New findings in this study are the discovery of a second Danish familyin Minnesota with high-grade myopia that maps to the terminal arm of chromosomeXq28, and the narrowing of the critical interval from 34.4 to 6.8 centimorgan.The ethnic origin, many phenotypic aspects, and initial genetic mapping ofthe Minnesota pedigree potentially matched that of the 5-generation BED familywhose defect was designated the MYP1 or first myopialocus. However, affected members of the Minnesota family had a protan andnot a deutan color vision defect, as seen in affected members of the BED family.Apart from the presence of hybrid pigment genes (red-green [protan] in theMinnesota family and green-red [deutan] in the BED family) that were identicalto those usually found in individuals with these common X-linked color visiondefects, no inactivating missense mutations12,13 werefound at the color vision locus.
Red-green color vision defects are common and were among the first recognizedX-linked traits.35- 38 Themolecular genetics of the visual pigments mediating normal and defective colorvision have been meticulously studied in recent years.12,24- 26,34,35 Thered-green pigment gene complex maps to a subterminal site on the long armof the X chromosome. The red-green gene arrays are composed of a single redpigment gene (6 exons) and 1 or more green pigment genes (6 exons) locateddownstream (3′) of the red gene. The close homology of the red and greenopsin genes, including introns, makes them prone to unequal crossing overand accounts for the numerical polymorphism of the green genes, usually rangingbetween 1 and 3. However, only the single proximal red pigment gene and only1 proximal green pigment gene are expressed in the retina.35 Deuteranomalyis the most common defect in Caucasian populations (4% to 5% of males). Theother defects (protanopia, protanomaly, and deuteranopia) have frequenciesof approximately 1% each among males. Myopia and ERG changes are not associatedwith the common red-green color deficits.
The finding of an almost identical ophthalmologic phenotype mappingto the Xq27-28 region in 2 different families of Danish origin from islandsin proximity suggests the same mutation. Genotyping with DNA markers in thecritical X chromosome region, however, showed differences between affectedmembers of the 2 families, arguing against an identical mutation. Intuitively,the most likely model would be that of a single unequal crossover betweenthe red and green pigment gene in ancestral chromosomes that could have producedboth red-green (Minnesota) and green-red (BED) hybrid genes associated withdeutan and protan color deficiency, respectively, in affected members of the2 families. Such an unequal crossover event would have had to occur in a womanhomozygous for the underlying ophthalmologic defect but with normal colorvision genes. Furthermore, haplotypic differences between affected membersin the 2 families were inconsistent with this hypothesis.
A recent report describes a large 6-generation Asian Indian pedigreewith high-grade myopia (mean of −13.33 D) transmitted in an X-linkedfashion that maps to the pseudoautosomal region of chromosome Xq28.39 The authors obtained a maximum LOD score of 3.99at thetas; = 0 with marker DXYS154. Little informationwas provided regarding associated clinical features, however, making comparisonswith the Minnesota and BED pedigrees difficult. The affected individuals donot have a color vision deficiency, however (Uppala Radhakrishna, PhD, oralcommunication, November 18, 2002), which provides greater evidence that colorvision deficiency is not part of the phenotype. This report lends supportto an X-linked locus for myopia at chromosome Xq28.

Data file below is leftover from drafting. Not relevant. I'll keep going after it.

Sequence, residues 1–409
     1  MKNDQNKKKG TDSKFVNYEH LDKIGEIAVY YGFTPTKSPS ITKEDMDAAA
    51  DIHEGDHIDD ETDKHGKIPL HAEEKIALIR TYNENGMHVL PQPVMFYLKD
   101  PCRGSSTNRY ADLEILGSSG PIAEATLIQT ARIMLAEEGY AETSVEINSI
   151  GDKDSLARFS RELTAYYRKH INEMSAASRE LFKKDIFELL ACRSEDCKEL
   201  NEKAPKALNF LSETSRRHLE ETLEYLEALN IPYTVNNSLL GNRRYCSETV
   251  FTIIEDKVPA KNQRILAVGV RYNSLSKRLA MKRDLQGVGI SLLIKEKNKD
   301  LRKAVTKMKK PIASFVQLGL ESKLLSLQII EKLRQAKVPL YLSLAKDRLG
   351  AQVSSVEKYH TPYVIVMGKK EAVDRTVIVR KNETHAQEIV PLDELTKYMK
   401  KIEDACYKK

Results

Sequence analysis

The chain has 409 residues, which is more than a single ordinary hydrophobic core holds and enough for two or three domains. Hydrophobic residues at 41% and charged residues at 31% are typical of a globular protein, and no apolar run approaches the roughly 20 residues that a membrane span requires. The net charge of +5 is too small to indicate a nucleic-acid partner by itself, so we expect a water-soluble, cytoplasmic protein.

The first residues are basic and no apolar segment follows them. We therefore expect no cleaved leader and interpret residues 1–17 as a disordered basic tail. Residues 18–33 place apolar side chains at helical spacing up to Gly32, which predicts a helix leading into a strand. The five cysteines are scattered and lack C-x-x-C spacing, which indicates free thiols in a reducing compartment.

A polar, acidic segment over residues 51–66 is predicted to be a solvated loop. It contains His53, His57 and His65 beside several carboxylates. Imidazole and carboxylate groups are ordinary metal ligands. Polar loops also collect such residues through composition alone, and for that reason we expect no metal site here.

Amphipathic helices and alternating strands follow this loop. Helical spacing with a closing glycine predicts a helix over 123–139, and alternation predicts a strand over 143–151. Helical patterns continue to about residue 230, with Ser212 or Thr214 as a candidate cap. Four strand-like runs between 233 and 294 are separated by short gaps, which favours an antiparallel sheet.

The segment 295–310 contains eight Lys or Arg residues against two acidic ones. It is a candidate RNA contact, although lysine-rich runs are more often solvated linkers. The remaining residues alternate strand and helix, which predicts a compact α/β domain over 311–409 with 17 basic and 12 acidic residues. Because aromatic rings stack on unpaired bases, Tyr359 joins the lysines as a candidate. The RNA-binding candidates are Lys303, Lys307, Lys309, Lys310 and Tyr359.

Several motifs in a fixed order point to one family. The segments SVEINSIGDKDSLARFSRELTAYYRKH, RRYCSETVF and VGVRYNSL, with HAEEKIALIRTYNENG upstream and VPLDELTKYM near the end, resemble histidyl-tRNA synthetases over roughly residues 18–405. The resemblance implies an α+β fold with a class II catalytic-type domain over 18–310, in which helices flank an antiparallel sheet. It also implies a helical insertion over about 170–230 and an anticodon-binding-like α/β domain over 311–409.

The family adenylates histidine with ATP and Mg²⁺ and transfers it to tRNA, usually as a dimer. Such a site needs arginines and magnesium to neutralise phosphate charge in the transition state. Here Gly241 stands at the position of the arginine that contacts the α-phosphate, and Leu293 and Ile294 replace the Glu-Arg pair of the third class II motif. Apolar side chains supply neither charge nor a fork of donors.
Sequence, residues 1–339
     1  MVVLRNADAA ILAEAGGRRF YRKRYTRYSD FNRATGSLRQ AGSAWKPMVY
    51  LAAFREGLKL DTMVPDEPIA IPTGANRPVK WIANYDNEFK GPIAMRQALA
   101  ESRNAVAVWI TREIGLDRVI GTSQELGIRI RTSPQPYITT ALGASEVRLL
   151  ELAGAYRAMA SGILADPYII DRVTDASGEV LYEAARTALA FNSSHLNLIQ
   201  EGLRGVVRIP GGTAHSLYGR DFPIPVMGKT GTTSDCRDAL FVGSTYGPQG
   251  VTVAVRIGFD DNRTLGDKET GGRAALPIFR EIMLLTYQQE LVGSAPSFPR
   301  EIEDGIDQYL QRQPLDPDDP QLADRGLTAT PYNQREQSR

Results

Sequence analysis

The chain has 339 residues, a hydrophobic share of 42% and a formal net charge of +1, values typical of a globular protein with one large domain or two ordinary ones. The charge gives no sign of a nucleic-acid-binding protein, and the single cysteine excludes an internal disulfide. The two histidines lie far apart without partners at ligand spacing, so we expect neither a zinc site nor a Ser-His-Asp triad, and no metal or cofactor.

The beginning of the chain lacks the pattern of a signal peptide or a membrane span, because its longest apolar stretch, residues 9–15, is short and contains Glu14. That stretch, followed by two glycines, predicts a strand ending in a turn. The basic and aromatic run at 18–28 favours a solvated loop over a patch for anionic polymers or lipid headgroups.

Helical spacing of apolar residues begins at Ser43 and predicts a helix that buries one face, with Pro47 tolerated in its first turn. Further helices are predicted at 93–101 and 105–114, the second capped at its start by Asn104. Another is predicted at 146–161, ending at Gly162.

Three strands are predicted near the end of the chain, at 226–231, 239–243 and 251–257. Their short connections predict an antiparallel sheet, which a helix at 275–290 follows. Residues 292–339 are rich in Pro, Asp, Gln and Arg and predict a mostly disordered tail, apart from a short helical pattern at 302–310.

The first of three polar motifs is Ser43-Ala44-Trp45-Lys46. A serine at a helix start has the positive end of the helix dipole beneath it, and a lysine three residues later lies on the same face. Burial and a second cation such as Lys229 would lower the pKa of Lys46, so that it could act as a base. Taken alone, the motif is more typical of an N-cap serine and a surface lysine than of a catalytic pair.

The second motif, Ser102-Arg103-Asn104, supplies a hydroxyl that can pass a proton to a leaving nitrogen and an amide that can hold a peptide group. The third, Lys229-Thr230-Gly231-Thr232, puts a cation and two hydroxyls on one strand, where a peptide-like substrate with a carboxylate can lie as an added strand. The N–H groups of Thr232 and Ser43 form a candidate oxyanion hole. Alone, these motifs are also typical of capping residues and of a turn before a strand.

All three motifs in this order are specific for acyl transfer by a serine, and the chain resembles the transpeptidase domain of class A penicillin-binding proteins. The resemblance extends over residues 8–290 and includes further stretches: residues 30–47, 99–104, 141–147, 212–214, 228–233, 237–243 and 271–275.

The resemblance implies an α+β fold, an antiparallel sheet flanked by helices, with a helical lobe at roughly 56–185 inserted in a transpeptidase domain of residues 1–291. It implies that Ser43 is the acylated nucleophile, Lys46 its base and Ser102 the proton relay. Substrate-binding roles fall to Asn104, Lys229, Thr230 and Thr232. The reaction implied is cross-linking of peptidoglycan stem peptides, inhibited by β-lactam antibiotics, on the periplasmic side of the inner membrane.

The disease segregating in these pedigrees exhibits some clinical similaritiesto other reported types of X-linked cone dystrophy; however, the dissimilaritiespoint to a novel disorder. These types include COD1, which maps to Xp21.1-p11.240- 42; COD2, which mapsto Xq2743; blue cone monochromacy, which mapsto Xq2723; and a cone dystrophy reported byReichel et al44, which maps to Xq28 and doesnot have an assigned gene name. The disease locus for our pedigrees mappedto chromosome Xq, rather than chromosome Xp, so it is unlikely that our pedigreesrepresent a COD1 disorder. Furthermore, with COD1 the affected males havereduced visual acuity, progressive macular atrophy, and progressive colordegeneration with ultimate achromatopsia. Our pedigrees also do not matchthe phenotypic and genetic characteristics described for COD2 (and blue conemonochromacy) because of the progressive nature of those disorders, includingreduced rod ERG in later stages and carrier female abnormalities.23,43 The phenotype of blue cone monochromacyincludes nystagmus, incomplete achromatopsia, and mutations in the LCR.23,43 The Xq28 mapped cone dystrophy describedby Reichel et al44 also does not fit with theMinnesota pedigree. Their affected participants exhibited reduced visual acuity,progressive macular atrophy, deteriorating color vision progressing to centralacquired achromatopsia, and a deletion in the red-cone pigment gene detectedby Southern blot analysis using the same hs7 cDNA probe. Table 4 shows comparative clinical features with the Minnesota pedigree,and those of others with X-linked cone dysfunction.10,23,40- 47